Calculating Debt-to-Income Ratio for Home Buying

Posted by Terry Paranych on Monday, June 24th, 2019 at 9:59am.

What Is a DTI Ratio in Home Buying?There are several things a lender will look at when a potential home buyer is trying to get a mortgage to buy a home. Pne of those is the tdebt-to-income (DTI) ratio. This refers to how much debt a homeowner has in relation to their total income. The equation takes into account far more than just the purchase price of the home and the buyer's monthly wages though. Once a lender has this number, they'll factor it into their decision of whether to approve a loan application. See how to calculate DTI to get a better idea of the odds of approval.

For informational purposes only. Always consult with a licensed mortgage professional before proceeding with any real estate transaction.

How to Calculate DTI Ratio

Hopeful homebuyers need to first list any existing official debts:

  • Student loans
  • Car loans
  • Credit card bills
  • Alimony/child support

Buyers then need to combine these numbers with all associated housing fees of the property they want. This includes the mortgage, property taxes, and HOA fees. And while it's not necessary for the lender's purposes, home buyers should also consider the cost of utilities, grocery bills, home insurance, federal and province taxes, entertainment expenses, and retirement contributions.

When it comes to income, buyers should include all sources. Stock dividends, rents from real estate investments, and monthly wages can all be used in total income. If buyers choose to estimate income, they should provide hard proof of their guesses. For example, if a stock is expected to triple after it goes public in six months, they should provide expert predictions and market analysis. Lenders are looking for a DTI ratio of 43% or under.

DTI Basics

The number isn't the only score a lender looks at when it comes to approving a loan. They'll also take into a person's credit score, financial history, and the state of their assets. For example, if they have a lucrative real estate holding that hasn't turned a profit just yet, they may use future earnings to justify their approval. But the idea behind DTI is that a person needs a comfortable financial cushion should something unexpected in their life. If a person can't build their savings because they're under too much debt, they're likely to default on the loan if they lose their main source of income.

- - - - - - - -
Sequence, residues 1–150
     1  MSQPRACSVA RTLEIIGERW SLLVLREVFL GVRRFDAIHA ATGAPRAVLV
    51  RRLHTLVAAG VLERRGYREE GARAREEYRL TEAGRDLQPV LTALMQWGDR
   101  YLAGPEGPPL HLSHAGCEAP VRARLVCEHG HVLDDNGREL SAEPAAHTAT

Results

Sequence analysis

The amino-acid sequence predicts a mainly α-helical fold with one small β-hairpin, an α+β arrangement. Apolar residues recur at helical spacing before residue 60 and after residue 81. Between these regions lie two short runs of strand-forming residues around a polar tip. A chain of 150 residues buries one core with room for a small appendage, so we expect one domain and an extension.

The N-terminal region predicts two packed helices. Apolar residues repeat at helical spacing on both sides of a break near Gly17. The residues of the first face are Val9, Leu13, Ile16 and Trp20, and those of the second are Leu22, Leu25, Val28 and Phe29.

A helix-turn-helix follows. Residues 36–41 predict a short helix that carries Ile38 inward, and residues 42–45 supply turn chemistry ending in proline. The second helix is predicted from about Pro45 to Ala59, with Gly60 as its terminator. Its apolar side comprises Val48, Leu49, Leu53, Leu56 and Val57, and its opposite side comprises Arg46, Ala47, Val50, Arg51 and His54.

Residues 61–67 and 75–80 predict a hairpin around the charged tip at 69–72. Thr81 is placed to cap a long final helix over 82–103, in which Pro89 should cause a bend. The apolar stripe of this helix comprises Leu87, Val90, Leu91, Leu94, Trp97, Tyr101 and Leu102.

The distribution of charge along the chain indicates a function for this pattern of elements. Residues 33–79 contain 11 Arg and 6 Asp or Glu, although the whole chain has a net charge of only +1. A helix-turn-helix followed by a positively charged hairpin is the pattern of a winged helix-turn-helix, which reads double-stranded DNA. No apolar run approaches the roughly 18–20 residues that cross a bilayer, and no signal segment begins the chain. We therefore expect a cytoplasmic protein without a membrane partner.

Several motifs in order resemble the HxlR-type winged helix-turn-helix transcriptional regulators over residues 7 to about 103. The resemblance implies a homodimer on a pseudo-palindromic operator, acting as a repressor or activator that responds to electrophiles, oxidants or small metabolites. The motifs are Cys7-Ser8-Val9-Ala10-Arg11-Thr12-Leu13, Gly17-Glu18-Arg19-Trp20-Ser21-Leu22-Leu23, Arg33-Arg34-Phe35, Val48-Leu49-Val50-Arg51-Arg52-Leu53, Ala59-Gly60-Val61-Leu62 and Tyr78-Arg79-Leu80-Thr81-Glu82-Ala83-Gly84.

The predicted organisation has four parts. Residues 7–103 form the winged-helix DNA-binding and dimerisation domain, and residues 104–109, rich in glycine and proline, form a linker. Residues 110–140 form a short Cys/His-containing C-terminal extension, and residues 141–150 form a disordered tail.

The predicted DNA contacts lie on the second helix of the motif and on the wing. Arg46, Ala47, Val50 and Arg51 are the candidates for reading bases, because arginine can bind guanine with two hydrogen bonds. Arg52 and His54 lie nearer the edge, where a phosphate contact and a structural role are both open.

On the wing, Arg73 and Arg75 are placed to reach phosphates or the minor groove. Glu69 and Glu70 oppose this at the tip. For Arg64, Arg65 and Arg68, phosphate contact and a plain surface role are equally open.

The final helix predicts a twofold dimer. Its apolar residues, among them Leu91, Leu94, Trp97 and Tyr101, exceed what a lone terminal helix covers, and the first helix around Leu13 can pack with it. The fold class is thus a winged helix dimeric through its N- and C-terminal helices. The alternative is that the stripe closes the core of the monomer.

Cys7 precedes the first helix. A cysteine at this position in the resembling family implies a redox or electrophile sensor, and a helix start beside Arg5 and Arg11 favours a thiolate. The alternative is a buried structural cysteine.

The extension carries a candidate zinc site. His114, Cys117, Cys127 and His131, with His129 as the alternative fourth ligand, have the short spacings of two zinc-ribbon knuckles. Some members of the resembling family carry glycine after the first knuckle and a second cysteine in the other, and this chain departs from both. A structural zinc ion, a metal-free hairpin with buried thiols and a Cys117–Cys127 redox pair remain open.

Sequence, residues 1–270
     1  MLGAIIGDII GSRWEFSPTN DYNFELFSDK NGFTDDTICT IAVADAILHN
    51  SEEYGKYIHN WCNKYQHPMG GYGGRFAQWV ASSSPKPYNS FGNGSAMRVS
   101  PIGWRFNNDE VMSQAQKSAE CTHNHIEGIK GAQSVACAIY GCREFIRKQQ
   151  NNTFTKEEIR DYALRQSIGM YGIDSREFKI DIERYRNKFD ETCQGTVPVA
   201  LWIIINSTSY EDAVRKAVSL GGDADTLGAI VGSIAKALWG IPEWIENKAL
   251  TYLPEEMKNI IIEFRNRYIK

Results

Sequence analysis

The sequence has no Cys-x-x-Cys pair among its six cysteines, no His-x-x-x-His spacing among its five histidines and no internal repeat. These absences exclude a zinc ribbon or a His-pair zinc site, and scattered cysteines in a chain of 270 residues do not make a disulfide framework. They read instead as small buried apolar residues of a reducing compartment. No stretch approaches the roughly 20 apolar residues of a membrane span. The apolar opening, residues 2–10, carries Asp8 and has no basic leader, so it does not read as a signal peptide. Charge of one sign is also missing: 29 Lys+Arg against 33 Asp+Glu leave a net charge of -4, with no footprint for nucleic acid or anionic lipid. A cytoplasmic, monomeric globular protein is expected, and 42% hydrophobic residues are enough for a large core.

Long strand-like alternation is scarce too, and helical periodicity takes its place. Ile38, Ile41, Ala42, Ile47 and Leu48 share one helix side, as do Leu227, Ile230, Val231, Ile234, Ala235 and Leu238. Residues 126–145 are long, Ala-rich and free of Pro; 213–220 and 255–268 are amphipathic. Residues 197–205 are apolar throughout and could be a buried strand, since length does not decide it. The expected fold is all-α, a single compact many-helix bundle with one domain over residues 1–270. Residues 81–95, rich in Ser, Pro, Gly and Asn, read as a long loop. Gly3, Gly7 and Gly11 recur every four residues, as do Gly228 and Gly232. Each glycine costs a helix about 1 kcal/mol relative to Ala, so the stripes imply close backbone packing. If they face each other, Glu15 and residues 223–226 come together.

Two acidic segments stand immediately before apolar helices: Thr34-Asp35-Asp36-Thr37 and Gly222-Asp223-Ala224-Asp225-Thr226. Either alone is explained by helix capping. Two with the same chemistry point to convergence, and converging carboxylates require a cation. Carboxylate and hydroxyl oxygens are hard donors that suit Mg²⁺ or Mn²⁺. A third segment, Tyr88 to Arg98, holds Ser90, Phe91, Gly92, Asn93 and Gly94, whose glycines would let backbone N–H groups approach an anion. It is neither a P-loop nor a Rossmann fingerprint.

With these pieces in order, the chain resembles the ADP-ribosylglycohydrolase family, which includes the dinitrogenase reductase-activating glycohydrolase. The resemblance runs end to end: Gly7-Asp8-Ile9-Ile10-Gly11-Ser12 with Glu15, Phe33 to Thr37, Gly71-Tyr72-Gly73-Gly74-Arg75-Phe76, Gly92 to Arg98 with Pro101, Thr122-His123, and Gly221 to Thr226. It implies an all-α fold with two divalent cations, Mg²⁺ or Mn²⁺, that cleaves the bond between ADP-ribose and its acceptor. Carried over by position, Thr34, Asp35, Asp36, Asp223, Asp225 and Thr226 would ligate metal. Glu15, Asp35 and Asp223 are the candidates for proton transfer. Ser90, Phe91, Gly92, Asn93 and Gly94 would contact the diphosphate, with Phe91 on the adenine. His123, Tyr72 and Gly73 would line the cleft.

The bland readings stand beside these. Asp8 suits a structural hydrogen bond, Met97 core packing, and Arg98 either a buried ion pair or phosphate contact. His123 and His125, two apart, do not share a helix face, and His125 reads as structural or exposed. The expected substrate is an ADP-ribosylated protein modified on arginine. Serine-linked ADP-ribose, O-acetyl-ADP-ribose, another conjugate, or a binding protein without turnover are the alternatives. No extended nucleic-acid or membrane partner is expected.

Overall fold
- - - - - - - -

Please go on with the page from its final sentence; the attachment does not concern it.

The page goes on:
Canadian Trends

Lenders may want to see a DTI of 43%, but they also understand the reality of expenses today. In just the past decade, the average Canadian DTI skyrocketed to 171.1%. This is alarming to lenders because it means their clients may not have the means to pay back their loan in the future. And while precautions like Lenders Mortgage Insurance can help protect lenders from default, it may not be enough if the economy takes a major hit. The end result is that lenders may approve a loan for a Glenora new home buyer with a high DTI, but they may assign a relatively high interest rate to cover themselves.

It can feel overwhelming to calculate a DTI at first, especially because the various expenses can seem enormous in comparison to a single stream of income. Talking to a broker may be a good way for a homeowner to find a creditor who can work with their finances. Or, buyers can consider paying down some of their debt to lower the overall ratio. This move is dual-purpose in that it can also raise a credit score too. Finally, consulting with a real estate agent can make it easier to find homes that fit a buyer's budget (especially if they don't want to leave themselves in a precarious position after borrowing too much money).

For informational purposes only. Always consult with a licensed mortgage professional before proceeding with any real estate transaction.

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